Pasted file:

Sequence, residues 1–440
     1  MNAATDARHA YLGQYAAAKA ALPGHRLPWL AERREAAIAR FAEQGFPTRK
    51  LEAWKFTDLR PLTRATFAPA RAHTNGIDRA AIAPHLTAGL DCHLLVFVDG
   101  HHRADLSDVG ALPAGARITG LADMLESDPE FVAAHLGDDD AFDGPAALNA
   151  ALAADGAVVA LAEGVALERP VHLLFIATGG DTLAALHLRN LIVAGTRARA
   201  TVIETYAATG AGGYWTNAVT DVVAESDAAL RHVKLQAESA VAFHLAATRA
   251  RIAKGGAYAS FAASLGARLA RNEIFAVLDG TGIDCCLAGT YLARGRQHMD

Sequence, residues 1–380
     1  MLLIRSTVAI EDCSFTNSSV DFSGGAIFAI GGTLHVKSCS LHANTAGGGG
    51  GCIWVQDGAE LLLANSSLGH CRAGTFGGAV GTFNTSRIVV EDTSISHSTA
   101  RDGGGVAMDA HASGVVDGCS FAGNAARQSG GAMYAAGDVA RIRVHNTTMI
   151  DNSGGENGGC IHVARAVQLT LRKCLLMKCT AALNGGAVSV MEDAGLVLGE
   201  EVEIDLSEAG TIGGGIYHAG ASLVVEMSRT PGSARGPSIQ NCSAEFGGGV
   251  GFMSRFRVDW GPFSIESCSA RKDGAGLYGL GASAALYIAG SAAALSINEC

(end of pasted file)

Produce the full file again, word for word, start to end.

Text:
Sequence, residues 1–440
     1  MNAATDARHA YLGQYAAAKA ALPGHRLPWL AERREAAIAR FAEQGFPTRK
    51  LEAWKFTDLR PLTRATFAPA RAHTNGIDRA AIAPHLTAGL DCHLLVFVDG
   101  HHRADLSDVG ALPAGARITG LADMLESDPE FVAAHLGDDD AFDGPAALNA
   151  ALAADGAVVA LAEGVALERP VHLLFIATGG DTLAALHLRN LIVAGTRARA
   201  TVIETYAATG AGGYWTNAVT DVVAESDAAL RHVKLQAESA VAFHLAATRA
   251  RIAKGGAYAS FAASLGARLA RNEIFAVLDG TGIDCCLAGT YLARGRQHMD

Sequence, residues 1–380
     1  MLLIRSTVAI EDCSFTNSSV DFSGGAIFAI GGTLHVKSCS LHANTAGGGG
    51  GCIWVQDGAE LLLANSSLGH CRAGTFGGAV GTFNTSRIVV EDTSISHSTA
   101  RDGGGVAMDA HASGVVDGCS FAGNAARQSG GAMYAAGDVA RIRVHNTTMI
   151  DNSGGENGGC IHVARAVQLT LRKCLLMKCT AALNGGAVSV MEDAGLVLGE
   201  EVEIDLSEAG TIGGGIYHAG ASLVVEMSRT PGSARGPSIQ NCSAEFGGGV
   251  GFMSRFRVDW GPFSIESCSA RKDGAGLYGL GASAALYIAG SAAALSINEC